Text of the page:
A nice analysis of the ethnic and linguistic make up of the eighty million people Egypt is found here, and its religious diversity is analyzed here.
Linguistically, most Egyptians speak one of two dialects of Arabic which are described as being roughly as similar a Spanish and Portuguese, one of which (Sa'idi) is spoken in Upper Egypt (the Southern part of the Nile Valley) and the other of which (Egyptian Arabic) is spoken in Lower Egypt (the Northern part of the Nile Valley). A Libyan dialect of Arabic is spoken on the Mediterranean coast beyond the Nile Delta region. And, Bedouin dialect of Arabic is spoken in the Sinai.
There is also a pocket of the Nile Delta where Greek is spoken, a small community on the Southern Red Sea Coast that speaks the Cushitic Beja language, and an oasis community in the Western Desert that speaks the Berber Siwi language. In the far South of the Nile Valley of Upper Egypt two Nubian (Nilo-Saharan) languages are spoken.
In addition to these linguistic minorities there are communities of Abazas, Turks, and Dom (Gypsies). "The Abazas . . . are a Circassian/Abkhazian people whose ancestors fled Russian assaults in the Caucasus in the 19th century; although they have long maintained a distinct identity in Egypt[.]" Estimates of the Dom population range from tens of thousands to a million, an estimate complicated by the apparently common practice of Dom publicly identifying as Palestinian to avoid discrimination. Egyptians who are not part of one of these minorities speaking one of the two main Egyptian Arabic dialects make up about 91% of the Egyptian population.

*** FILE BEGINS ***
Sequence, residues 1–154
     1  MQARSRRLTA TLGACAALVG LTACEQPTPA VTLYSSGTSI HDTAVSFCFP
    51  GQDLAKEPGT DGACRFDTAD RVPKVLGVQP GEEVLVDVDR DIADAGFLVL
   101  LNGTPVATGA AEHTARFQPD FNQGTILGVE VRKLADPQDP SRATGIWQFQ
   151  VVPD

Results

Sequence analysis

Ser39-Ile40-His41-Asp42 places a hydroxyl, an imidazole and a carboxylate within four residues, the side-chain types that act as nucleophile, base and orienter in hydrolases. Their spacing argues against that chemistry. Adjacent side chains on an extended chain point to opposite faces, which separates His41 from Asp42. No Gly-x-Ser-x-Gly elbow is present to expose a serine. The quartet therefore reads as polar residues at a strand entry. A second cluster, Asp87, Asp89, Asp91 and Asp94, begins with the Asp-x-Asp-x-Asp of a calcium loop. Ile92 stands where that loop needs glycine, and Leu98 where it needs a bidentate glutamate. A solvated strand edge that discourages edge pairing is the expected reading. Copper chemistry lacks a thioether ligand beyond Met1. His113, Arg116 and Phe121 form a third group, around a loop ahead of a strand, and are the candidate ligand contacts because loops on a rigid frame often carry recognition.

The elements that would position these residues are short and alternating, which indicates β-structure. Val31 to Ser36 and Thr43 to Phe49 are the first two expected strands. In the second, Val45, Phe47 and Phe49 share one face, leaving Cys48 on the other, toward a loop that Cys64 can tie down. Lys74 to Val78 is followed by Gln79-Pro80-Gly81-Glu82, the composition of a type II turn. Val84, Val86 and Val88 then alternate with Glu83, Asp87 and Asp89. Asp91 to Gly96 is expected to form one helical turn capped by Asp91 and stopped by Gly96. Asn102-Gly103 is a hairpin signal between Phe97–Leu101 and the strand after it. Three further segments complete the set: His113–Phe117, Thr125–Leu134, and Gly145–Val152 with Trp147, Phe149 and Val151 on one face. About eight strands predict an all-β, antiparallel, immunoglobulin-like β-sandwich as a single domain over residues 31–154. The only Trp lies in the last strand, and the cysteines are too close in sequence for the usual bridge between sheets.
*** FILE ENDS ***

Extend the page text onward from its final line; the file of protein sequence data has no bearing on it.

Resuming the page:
There are significant Christian minorities in Egypt, perhaps ten percent of the total in many Nile Valley and Northern Red Sea coastal areas, mostly Coptic Christian (perhaps seven or eight million in all), but perhaps a quarter million of whom are many other types of Christians (they seem to be concentrated around the Nile Delta), and there is apparently a Shi'ite minority in parts of the Nile Valley of Upper Egypt whose numbers are a matter of great dispute but may make up as many as a million people. Most Egyptians, of course, are Sunni Muslims and are generally not a part of the Wahhabi sect that dominates in Saudi Arabia and is evangelized by the Taliban.
In an international context, Egyptian Sunni Muslims are on the conservative/traditionalist end of the the scale on "social issues," although not necesarily as extreme as Wahhabi sect Muslims. Gender segregation in the workplace is favored by a narrow majority and most Egyptians favor the use of harsh Islamic law punishments for offenses like adultery and theft.
Still, despite pockets of diversity, the overall picture is of a relatively homogeneous core Egyptian population in the Nile Valley split mostly between Upper and Lower Egypt, with small, mostly geographically compact minority populations on its periphery. Upper Egyptians and Lower Egyptians, Sunni Muslims, Shi'ite Muslims and Coptic Christian alike, all have a strong Egyptian national identity, muted somewhat by a sense of also belonging to larger Muslim and Pan-Arab communities.
Any reasonably democratic process will produce a parliament in Egypt dominated by Sunni Muslims who speak one of the two main Arabic dialects of Egypt, with the more urban Lower Egyptian Sunni Muslims probably making up a majority or close to a majority.